End If

    End Sub


    Private Sub Button1_Click(ByVal sender As System.Object, ByVal e As System.EventArgs) Handles Button1.Click

    Dim BITMAP_ID_BLOCK As String = "Bitmap"

    Dim JPG_ID_BLOCK As String = "\u00FF\u00D8\u00FF"

    'create the command object and store the sql query

    aCommand = New OleDbCommand(("select Image from Images where KeyID = " + TextBox1.Text), aConnection)

    Dim ms As MemoryStream = New MemoryStream

    Dim img() As Byte = CType(aCommand.ExecuteScalar, Byte())

    Dim u8 As Encoding = Encoding.UTF7

    Dim strTemp As String = u8.GetString(img)

    Dim strVTemp As String = strTemp.Substring(0, 300)

    Dim iPos As Integer = -1

    Dim test As Integer = strVTemp.IndexOf(JPG_ID_BLOCK)

    If (strVTemp.IndexOf(BITMAP_ID_BLOCK) = -1) Then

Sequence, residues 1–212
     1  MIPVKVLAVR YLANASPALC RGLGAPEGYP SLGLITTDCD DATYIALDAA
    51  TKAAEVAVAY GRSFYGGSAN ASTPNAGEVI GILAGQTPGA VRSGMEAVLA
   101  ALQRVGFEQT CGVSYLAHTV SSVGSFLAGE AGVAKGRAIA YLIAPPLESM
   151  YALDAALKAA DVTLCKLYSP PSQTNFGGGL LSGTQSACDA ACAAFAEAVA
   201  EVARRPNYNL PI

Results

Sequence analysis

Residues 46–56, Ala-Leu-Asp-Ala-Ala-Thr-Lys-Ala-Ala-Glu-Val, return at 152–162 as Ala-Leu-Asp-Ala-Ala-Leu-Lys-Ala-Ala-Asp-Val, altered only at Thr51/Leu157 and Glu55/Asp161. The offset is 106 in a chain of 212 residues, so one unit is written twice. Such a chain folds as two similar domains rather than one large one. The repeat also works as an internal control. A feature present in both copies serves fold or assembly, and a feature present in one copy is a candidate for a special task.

' Find the starting block of the image

    iPos = strVTemp.IndexOf(JPG_ID_BLOCK)


    iPos = 78

    End If

    ' From the position above get the new image

    If (iPos <> -1) Then

    ms.Write(img, iPos, (img.Length - iPos))

    Me.PictureBox1.Image = Image.FromStream(ms)

    End If


    End Sub



    I made a sample Access DB named images.mdb with 2 images (1 .jpg and 1 .bmp), when I try to load the bmp file it works ok but when I use the jpg file, it doesn't load. The C# strTemp value is somehow different from the VB strTemp value.

     Also the VB iPos = -1 at the last IF statement. It works with C#, I really don't understand why it wouldn't using VB.


    I tried using and for the conversion.


    Thanks for the link, it really was a very big help.

    Friday, September 21, 2007 8:30 AM